A Finnish korvapuusti ("A slap on the ear")
|Alternative name(s)||Cinnamon bun, cinnamon swirl, cinnamon snail|
|Place of origin||Sweden|
|Main ingredient(s)||Dough, cinnamon, sugar|
||This article may require cleanup to meet Wikipedia's quality standards. (April 2010)|
It consists of a rolled sheet of yeast-leavened dough onto which a cinnamon and sugar mixture (and raisins or chopped grapes in some cases) is sprinkled over a thin coat of butter. The dough is then rolled, cut into individual portions, and baked. In North America, cinnamon rolls are frequently topped with icing (often confectioner's sugar based) or glaze of some sort. In northern Europe, nib sugar is often used instead of icing.
In Sweden, the country of its presumed origin, the cinnamon roll takes the name of kanelbulle (literally: "cinnamon bun") and October 4 has more recently started to be promoted as "kanelbullens dag" (Cinnamon roll day). A German variety originating in Hamburg and its surroundings is the Franzbrötchen.
The size of a cinnamon roll varies from place to place, but many vendors supply a smaller size about 5 centimetres (2.0 in) in diameter and a larger size about 10 centimetres (3.9 in) to a side. The largest variety can be found in Finland, called Korvapuusti, where it can be up to 20 centimetres (7.9 in) in diameter and weighing 200 grams (7.1 oz).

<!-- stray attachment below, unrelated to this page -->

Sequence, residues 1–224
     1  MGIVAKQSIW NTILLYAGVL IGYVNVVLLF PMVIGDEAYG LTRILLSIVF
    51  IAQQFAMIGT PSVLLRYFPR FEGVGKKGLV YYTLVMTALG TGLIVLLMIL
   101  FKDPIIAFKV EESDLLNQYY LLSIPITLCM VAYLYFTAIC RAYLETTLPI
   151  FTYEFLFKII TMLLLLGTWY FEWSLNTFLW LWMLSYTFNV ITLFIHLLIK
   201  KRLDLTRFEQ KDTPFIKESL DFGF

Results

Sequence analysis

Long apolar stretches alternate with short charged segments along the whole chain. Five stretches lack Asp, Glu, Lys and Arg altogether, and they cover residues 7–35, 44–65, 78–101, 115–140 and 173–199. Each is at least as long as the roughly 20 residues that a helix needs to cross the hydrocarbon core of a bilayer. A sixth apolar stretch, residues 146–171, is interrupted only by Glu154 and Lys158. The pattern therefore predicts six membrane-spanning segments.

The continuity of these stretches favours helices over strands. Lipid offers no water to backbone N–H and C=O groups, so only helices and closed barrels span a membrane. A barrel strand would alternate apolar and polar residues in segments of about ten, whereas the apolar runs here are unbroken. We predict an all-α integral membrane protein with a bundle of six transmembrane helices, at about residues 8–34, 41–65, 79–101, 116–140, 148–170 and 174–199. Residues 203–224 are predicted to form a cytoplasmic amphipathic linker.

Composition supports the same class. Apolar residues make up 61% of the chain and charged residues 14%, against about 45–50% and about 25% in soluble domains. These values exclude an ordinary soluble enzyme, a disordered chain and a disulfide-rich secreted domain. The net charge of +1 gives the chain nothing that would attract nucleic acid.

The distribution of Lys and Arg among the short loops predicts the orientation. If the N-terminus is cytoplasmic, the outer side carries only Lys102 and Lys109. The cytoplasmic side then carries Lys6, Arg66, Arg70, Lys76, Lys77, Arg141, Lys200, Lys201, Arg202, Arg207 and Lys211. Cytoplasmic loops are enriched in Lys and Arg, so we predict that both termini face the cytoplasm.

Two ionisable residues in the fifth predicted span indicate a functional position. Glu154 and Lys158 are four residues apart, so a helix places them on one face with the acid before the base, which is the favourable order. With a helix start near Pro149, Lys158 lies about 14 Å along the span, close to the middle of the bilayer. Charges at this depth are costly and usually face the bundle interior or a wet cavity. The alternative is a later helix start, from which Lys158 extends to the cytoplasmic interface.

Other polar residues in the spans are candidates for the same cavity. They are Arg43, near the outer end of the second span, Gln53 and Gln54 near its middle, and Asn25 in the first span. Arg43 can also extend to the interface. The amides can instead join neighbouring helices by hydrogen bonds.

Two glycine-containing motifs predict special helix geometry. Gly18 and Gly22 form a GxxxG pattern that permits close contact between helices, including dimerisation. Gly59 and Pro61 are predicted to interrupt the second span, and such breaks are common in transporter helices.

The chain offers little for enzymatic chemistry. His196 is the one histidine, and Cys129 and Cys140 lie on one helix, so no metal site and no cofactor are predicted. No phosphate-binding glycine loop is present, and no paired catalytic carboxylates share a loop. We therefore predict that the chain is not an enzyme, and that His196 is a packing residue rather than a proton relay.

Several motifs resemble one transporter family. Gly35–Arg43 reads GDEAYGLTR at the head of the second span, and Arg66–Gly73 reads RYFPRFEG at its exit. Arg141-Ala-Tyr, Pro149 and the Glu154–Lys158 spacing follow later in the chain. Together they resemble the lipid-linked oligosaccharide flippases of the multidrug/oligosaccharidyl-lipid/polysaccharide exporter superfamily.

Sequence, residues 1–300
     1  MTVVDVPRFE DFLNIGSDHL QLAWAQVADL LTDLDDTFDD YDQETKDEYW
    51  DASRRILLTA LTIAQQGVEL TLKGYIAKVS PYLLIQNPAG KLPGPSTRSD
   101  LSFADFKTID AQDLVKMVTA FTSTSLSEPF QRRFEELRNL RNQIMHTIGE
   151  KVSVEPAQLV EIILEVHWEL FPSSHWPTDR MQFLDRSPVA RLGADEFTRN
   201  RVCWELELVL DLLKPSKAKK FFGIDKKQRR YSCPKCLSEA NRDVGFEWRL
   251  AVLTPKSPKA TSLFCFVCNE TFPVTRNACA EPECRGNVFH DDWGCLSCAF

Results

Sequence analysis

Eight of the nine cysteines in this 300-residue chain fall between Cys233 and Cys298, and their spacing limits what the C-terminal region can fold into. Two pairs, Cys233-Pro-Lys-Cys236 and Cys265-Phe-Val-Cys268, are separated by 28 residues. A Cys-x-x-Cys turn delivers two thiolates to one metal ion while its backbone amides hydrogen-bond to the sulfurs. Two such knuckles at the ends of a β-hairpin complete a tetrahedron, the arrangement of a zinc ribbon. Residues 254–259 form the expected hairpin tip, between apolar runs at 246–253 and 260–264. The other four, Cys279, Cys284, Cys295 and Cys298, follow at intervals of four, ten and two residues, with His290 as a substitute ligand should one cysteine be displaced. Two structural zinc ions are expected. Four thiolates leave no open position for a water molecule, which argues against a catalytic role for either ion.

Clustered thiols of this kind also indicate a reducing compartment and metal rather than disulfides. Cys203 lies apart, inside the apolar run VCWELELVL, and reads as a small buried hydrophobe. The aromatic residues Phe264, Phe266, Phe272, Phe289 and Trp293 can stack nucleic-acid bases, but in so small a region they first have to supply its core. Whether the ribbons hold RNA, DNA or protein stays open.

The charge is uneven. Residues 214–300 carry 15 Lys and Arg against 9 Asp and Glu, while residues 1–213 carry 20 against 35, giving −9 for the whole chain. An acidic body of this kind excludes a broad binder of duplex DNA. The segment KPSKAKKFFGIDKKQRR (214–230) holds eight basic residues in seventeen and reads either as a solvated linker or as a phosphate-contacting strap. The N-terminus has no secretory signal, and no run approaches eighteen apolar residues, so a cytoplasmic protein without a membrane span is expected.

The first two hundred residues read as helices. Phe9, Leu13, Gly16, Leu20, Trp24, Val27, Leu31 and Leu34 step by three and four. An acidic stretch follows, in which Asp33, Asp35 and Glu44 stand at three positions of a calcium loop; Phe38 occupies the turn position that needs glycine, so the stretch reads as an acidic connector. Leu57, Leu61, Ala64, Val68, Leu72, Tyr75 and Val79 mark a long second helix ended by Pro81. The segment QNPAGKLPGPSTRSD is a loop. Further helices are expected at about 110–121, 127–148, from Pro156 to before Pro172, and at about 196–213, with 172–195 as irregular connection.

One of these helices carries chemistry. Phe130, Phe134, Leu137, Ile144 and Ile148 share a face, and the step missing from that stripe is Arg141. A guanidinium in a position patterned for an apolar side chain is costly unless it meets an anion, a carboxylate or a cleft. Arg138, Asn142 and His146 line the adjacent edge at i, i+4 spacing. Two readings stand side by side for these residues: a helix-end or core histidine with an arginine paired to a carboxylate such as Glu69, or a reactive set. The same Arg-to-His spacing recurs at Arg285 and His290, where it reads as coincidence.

The Finnish "Boston cake" is a "cake" made by baking cinnamon rolls in a round cake pan instead of baking them separately, so that they stick together to form a round cake.
Honey bun 
A honey bun is a sweet roll not very much, but slightly similar to the cinnamon bun that is popular in the southeast United States. "A honey bun is a fried yeast pastry that contains honey and a swirl of cinnamon in the dough and is glazed with icing. According to legend, Howard Griffin of Griffin Pie Co. in Greensboro, North Carolina, developed the first honey bun in 1954. Flowers Foods acquired Griffin Pie Co. in 1983. Although the Greensboro bakery is now closed, honey buns remain a best-seller for Flowers." Unlike cinnamon buns, which are generally the product of bakeries, honey buns are common convenience store and vending machine fare. Normally sold individually wrapped, alone or in boxes of 6 or more, they are a popular grab-and-go breakfast, eaten cold or heated in a microwave oven.
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See also 
- Cinnabon - Bakery chain known for cinnamon rolls
- Chelsea bun - Confectionary made using a similar process
- "cinnamon snail". Retrieved April 17, 2013.
- Carlson, Jen. "Why The Cinnamon Snail Vegan Food Truck Is The Best Food Truck In Town". The Gothamist. Retrieved April 16, 2013.
- "Kanelbullens Dag 4 Oktober". Kanelbullensdag.se. Retrieved 2010-06-04.
- "Kanelbullar". Sweden.se. Retrieved 2011-02-24.
- Korvapuusti in Finland
- "Boston cake". Saunalahti.fi. Retrieved 2012-11-18.
- "Mrs Freshley's - Varieties - Honey Buns". Mrsfreshleys.com. Retrieved 2012-11-18.
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